Armstrong, E. A. (2006). Movements and Memory: The Making of the Stonewall Myth. American Sociological Review, 71.
- The general research question addressed in the article is the reason why the stonewall riots became the leading cause of gay collective memory more than other activities. The article also provides a comparative or historical analysis of the four events and stonewall similar to the ones that occurred in the 1960s.
-The goal of the research question was to identify the prevailing circumstances contributing to commemoration and come up with specific explanations as to why the conditions as mentioned above or circumstances were more existent in Stonewall.
-The theoretical framework considers the comparative-historical assessment of Stonewall and the four events viewed as identical to it, which occurred in LA, New York, and San Francisco in the 1960s.
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-These uprisings were commemorated since they were the first to satisfy certain conditions: the event was viewed as commemorable to activists and possessed the required capacity to generate a commemorative vehicle.
-These include Gay liberation, Commemorative form, Institutionalization of the parade, stonewall commemoration, sociological review of America, gay movement, and industrialization.
Data and Evidence:
-Data was collected on cities with a high LGTBQ+ concentration, such as San Francisco, New York, and Los Angeles. The data is analyzed through a comparison of each event and city. Furthermore, the article discusses the commemorability assessments and mnemonic capacity levels in each instance. It reveals how they enabled the sponsorship of a commemorative vehicle in the case of Stonewall only. Additionally, the evidence shows that the prospect of institutionalization and resonance are vital aspects of commemorative success.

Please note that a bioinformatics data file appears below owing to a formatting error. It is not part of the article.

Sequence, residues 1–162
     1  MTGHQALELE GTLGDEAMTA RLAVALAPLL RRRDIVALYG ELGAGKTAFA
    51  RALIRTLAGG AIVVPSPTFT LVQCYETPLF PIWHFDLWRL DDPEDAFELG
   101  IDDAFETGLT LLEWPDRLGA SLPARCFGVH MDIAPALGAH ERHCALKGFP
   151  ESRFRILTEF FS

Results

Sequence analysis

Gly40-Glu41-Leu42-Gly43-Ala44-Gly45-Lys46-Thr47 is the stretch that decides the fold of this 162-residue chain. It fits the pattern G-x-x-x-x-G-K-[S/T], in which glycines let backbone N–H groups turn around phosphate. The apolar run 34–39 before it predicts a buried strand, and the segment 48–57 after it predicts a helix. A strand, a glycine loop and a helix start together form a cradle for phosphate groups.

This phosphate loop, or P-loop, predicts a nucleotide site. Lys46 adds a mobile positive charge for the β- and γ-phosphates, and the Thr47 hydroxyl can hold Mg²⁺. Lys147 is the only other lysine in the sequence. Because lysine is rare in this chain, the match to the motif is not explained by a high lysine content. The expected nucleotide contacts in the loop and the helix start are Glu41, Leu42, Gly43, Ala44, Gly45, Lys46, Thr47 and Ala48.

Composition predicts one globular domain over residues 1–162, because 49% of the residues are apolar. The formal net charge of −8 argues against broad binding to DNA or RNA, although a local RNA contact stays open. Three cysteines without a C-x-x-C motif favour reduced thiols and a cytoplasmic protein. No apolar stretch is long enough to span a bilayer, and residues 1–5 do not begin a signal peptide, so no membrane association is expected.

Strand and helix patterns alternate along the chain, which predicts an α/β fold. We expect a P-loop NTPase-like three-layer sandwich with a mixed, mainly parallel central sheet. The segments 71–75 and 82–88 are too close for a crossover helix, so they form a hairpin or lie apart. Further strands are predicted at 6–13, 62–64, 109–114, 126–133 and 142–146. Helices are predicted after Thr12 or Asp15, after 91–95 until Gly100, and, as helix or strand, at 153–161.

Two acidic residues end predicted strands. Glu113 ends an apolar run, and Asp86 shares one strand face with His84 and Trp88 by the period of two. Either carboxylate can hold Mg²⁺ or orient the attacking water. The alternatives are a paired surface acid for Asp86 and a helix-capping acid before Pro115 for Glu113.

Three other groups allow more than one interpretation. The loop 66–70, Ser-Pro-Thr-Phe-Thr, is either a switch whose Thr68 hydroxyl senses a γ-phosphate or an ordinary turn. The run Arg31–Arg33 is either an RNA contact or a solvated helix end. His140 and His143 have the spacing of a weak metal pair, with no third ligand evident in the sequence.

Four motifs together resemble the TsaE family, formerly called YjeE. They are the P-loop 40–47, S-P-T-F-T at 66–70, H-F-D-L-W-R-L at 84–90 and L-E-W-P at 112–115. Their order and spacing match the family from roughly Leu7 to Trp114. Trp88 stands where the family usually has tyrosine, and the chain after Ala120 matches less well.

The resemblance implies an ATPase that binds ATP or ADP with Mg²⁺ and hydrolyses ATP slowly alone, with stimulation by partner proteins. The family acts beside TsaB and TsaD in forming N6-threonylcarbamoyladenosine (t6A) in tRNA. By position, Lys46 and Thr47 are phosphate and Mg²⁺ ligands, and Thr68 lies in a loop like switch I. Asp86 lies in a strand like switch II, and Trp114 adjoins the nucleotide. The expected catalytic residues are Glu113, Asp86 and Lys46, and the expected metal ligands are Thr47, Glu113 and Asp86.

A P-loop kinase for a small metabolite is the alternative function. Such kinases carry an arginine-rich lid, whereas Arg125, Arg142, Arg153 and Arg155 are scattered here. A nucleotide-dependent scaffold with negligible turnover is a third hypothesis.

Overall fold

-Most of the article's analysis revolves around the collection of data on events. The authors examined the different events by analytically studying the primary and secondary sources which relate to homosexual movements.
-The secondary sources constitute historical books, articles written by journalists and other researchers who documented the history of gay people in the United States. On the other hand, primary materials or sources were obtained from mainstream and homosexual newspapers and were supplemented with documents in gay archives.
-The main argument is the assessments of commemorability and mnemonic capacity levels in each event and how they aided the sponsorship of a commemorative vehicle when it comes to Stonewall. The key takeaway is that developing awareness into commemorative attainment means focusing on the struggles to commemorate Stonewall.
Other Thoughts and Connections:
-Eventually, the parade's success allowed the stonewall narrative to become basic knowledge among those in gay politics. Politically, the Stonewall remains valuable in gay politics. Nonetheless, it hinders scholarly explanations of the gay movement. The narrative hides the notion that the liberation of gays existed just before the Stonewall uprisings. This is key since gay liberation acted as a prerequisite for potential political acknowledgment of the situation at the Stonewall Inn.